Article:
Asphalt Orchestra: |
Jessica Schmitz plays a lone piccolo in a street gang of brass and percussion. But is she intimidated by the diminutive size of her instrument when compared to the heft of a trombone or the boom of a drum?
"When we first started, I was a little nervous," she admits. "But it's really such a loud instrument, you can usually make yourself heard pretty easily."
In fact, an Asphalt Orchestra trumpet player asked for a change in choreography because her piccolo was just too darned loud, Schmitz recalls. "I had to go stand in a corner," she says. "You try not to take these things personally."
The ensemble, which performs Monday at Millersville University, takes its music to the streets and, sometimes, the stage in ways that might look and sound a little like a half-time show in which the musicians have wrestled the drum major to the ground, stolen his baton and thrown marching orders to the wind.
But, so far as anarchy goes, it's a tightly controlled form of bedlam. Every random-looking step is meticulously choreographed.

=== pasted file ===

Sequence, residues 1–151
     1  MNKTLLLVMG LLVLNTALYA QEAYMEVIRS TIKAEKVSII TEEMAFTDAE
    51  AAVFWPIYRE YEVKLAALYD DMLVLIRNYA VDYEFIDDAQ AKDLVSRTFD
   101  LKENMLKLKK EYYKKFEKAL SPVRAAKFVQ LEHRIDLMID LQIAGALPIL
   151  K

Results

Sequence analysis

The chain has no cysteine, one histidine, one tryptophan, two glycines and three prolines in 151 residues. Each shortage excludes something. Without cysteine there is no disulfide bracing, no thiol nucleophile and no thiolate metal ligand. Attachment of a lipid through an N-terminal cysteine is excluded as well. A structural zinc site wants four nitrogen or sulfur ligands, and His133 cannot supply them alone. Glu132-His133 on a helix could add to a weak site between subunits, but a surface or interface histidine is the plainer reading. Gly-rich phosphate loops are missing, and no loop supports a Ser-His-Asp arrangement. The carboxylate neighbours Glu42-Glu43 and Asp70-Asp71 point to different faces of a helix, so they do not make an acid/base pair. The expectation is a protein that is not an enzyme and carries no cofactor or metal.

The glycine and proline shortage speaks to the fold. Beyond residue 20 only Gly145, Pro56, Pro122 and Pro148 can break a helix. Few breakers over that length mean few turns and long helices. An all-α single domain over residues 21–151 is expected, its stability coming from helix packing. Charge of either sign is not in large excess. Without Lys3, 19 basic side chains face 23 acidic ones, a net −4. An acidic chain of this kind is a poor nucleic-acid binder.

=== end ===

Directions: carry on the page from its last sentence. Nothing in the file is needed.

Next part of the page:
Part of the challenge of the Asphalt Orchestra stage show is translating movements designed for a busy New York sidewalk to the more controlled environment of a concert hall.
The choreography is different, Schmitz says, as is the use of lighting effects and the selection of music performed.
Outside, she says, they employ guerrilla tactics.
"We have two different approaches," Schmitz, who co-directs the ensemble with saxophonist Ken Thomson, explains. "There's the idea of the accidental audience -- people who came to see us vs. people who were just walking around downtown -- and we get in their space."
At a stage show, on the other hand, "these people know they're going to see music. They bought tickets for it." There's still audience interaction, she says, and band members do break down the stage barrier by moving out into the audience -- maybe even into the lobby -- at times.
"We make use of the space that's available. The focus is on the stage, but we're also going to be on the move," Schmitz says.
"We don't physically touch people or anything," she quickly adds. "You have higher insurance premiums for that."
As for music, Schmitz says AO has "a dedication to unusual music, stuff that might fall between the cracks." That means you shouldn't attend expecting the usual selection of fight songs and showtunes that typify marching-band shows.
"It's a really eclectic mix," she says. "Our repertoire ranges from metal to progressive rock ... to performance art, with more theatrical elements, to world music. It's a really wide spectrum." There is also a selection of original music, some contemporary pop and jazz, as well as pieces written specifically for this band by folks as diverse as David Byrne and Yoko Ono.
15 September 2012